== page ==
If interested..All civilization came from The Armenians Highlands. What do other historians say…according to Anthropologist Mitchell S. Rothman regarding the extent  of discoveries and specially on the quality of horse bones proved, According to him, that it was from the Shangavit Armenian 6000 years ago that the culture of that area spread around to the ancient world…Professor Jensen also says.  ‘For almost everything that is known in the Hittite language is Old Armenian in form..Historian Sayce (1845-1933) also consider Hittite and Armenian to be one and the same’.  and Rothman, quoted earlier, said…''All that was known in Mesopotamia came from Armenia and that Armenia is the absent fragment in the entire mosaic of the ancient world's civilization's construction.H.V. Hilprecht(1859-1925) a Clark research professor of Assyriology and scientific director Babylonian expedition at the University of Penn. argue that the Hittite tongue is Armenian and the Hittites themselves were of Armenian stock…according to Ellis (1861)  through language analysis we observe that under the names of Phrygians, Thracians, Pelasgians and Etruscans spread westward from Armenia to Italy and Elis claimed that the closest affinities of the Aryan element are the Armenians ..other historians that agree are..Hellenthal, Busgy, Brand, Wilson, Myers and Falush…let me quote Merrick (2012) All religions are descended from and ancient Vedic cosmology described in the Rib – Veda, originating in Armenia near Mt. Ararat at least 6800 ys ago and the basic concepts of a transcendental mountain extending into space and populated planet Star-gods were developed…he further says…This Astrotheology then migrated with Armenian Aryans to found the Sumerian Ethiopian/Egyptian and Indian civilizations and religions…from Language as  a fingerprint Setyan

  • Reply Aleksander Gamanyuk June 9, 2019 at 10:16 am

    8:38, Crimea is a part of Ukraine. Dear John Green, wtf?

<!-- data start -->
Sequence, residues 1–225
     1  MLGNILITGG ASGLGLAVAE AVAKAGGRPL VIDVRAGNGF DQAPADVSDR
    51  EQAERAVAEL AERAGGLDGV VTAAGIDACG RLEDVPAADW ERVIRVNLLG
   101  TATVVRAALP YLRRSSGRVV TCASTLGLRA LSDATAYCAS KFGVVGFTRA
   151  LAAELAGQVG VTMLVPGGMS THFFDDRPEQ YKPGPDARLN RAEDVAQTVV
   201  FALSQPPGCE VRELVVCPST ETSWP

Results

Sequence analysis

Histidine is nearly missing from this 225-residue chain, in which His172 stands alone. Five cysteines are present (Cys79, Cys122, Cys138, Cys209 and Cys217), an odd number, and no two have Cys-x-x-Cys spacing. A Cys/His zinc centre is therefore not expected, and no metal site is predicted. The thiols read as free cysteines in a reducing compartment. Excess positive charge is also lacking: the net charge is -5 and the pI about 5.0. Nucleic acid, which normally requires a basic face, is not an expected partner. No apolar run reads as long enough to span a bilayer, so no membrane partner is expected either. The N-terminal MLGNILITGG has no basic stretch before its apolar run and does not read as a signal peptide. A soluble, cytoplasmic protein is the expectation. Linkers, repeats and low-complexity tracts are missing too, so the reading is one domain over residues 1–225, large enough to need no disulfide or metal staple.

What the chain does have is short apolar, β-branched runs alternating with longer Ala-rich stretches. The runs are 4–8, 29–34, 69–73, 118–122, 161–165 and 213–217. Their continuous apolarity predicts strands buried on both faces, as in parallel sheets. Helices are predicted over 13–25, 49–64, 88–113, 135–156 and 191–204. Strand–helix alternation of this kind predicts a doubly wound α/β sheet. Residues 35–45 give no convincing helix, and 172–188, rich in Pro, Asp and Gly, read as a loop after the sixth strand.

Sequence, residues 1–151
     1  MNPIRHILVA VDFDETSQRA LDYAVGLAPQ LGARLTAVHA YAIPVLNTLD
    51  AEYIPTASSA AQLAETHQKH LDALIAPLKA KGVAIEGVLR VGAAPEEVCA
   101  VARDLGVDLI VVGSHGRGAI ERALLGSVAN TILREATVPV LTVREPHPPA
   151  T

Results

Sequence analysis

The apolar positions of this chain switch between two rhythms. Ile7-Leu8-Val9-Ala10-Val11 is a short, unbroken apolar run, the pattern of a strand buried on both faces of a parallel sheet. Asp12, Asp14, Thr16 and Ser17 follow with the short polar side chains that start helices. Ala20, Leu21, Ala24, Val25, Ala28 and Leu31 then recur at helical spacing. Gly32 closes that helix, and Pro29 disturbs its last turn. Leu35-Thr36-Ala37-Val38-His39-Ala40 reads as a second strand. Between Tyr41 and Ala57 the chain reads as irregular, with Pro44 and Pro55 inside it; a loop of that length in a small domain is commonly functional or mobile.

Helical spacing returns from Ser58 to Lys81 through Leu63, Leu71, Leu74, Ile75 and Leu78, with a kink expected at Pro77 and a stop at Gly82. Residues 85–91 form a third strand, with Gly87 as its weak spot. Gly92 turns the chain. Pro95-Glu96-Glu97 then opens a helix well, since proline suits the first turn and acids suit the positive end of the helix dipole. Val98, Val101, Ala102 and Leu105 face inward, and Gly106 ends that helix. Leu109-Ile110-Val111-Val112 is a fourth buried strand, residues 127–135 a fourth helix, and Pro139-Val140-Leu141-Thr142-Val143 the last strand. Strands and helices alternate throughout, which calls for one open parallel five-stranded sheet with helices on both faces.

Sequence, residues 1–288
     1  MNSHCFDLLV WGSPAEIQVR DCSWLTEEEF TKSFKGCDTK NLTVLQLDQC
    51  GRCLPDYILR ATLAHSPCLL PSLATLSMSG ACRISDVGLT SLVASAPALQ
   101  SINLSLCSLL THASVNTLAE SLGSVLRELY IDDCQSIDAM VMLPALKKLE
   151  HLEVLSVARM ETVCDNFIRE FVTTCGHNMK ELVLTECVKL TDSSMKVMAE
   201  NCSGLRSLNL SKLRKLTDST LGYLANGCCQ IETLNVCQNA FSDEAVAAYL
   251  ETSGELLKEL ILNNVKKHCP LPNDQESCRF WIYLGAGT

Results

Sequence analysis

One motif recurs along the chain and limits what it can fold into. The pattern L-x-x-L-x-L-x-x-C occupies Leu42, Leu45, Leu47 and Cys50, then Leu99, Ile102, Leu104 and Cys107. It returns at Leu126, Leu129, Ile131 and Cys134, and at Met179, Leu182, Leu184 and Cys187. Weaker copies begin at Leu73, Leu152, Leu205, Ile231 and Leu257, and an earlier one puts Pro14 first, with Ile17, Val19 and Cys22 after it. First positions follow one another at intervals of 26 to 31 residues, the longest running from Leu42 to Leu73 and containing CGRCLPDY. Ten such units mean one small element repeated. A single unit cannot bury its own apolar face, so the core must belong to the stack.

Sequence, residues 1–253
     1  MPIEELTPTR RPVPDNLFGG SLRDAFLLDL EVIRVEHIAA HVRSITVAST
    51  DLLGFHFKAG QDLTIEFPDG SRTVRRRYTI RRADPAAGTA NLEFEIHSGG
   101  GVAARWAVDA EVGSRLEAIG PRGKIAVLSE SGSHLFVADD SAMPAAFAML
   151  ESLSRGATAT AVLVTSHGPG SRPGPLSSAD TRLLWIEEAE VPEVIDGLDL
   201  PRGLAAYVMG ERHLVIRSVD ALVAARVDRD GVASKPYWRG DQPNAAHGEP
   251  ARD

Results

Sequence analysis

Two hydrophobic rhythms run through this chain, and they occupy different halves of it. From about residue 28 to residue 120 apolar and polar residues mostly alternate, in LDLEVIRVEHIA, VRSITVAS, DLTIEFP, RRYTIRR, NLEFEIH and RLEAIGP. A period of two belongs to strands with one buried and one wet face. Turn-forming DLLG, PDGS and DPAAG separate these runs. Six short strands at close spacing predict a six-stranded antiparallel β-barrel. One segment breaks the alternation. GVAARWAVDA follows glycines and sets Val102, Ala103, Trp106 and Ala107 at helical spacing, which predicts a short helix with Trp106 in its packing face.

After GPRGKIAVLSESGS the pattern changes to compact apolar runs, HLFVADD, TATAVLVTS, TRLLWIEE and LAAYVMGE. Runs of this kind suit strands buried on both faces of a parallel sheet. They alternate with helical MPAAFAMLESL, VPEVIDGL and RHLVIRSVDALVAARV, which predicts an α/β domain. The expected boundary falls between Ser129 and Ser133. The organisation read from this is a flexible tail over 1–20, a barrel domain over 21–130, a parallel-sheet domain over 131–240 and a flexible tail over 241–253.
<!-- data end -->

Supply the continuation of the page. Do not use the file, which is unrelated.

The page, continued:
• Reply noblefjn June 12, 2019 at 6:41 am

    Bread and Butter is no longer the staple of any diet?! WE BRITISH RESENT THAT STATEMENT!

  • Reply Iftekhar Hossain Iftee June 18, 2019 at 3:39 pm

    This is one of the most classic channels I've seen in Youtube.

  • Reply James Morgan June 18, 2019 at 8:01 pm

    Huh. Coming back to this a few years on, CC is a lot more woke than I remembered.

  • Reply SamShe L June 20, 2019 at 12:36 am

    “Shifting cultivation is easier” I wouldn’t say cutting down large swaths of forestry and burning it for farmland with primitive tools easy…

  • Reply Eddie Yi June 29, 2019 at 11:00 pm

    We live in a civilization

  • Reply MisterCharlton July 5, 2019 at 2:11 am

    I wish he talked in detail about the philosophy of history, such as the theories of Oswald Spengler & Sir John Baggot Glubb.

  • Reply Yukihyo July 9, 2019 at 3:04 pm

    When I hear paleo diet I imagine it should be whatever you can find/procure that hasn't been processed

  • Reply Andrei Cristi Moga July 15, 2019 at 6:42 pm

    How about a people frequently retreating to the forests and mountains due to the crapton of invading people crossing their lands, avoiding them and any outsider, developing no written culture or having any impressive architectural projects and surviving this storm. Then the descendants of one of those many invaders claim ancestral right to above people's land, due to scarcity of written records and therefore presuming the original inhabitors didn't exist.
    Romanian feels…

  • Reply Nathan Crouch July 16, 2019 at 2:00 am

    I think I understand why I like Crash Course soooo much 1:History, I looove History 2: Fellow Hoosiers

  • Reply Claire Cook July 22, 2019 at 6:42 am

    I am now unbelievably hungry for Doritos.

  • Reply Mike Zed July 29, 2019 at 7:09 pm

    I love when good thinkers rethink the traditional story telling. I'm sure you are also familiar with Dr. Yual Noah Harari's book, 'Sapiens: A Brief History of Humankind', which I loved and enjoyed reading it.

  • Reply PK Cazadores August 6, 2019 at 5:23 am

    This guy is an idiot!

  • Leave a Reply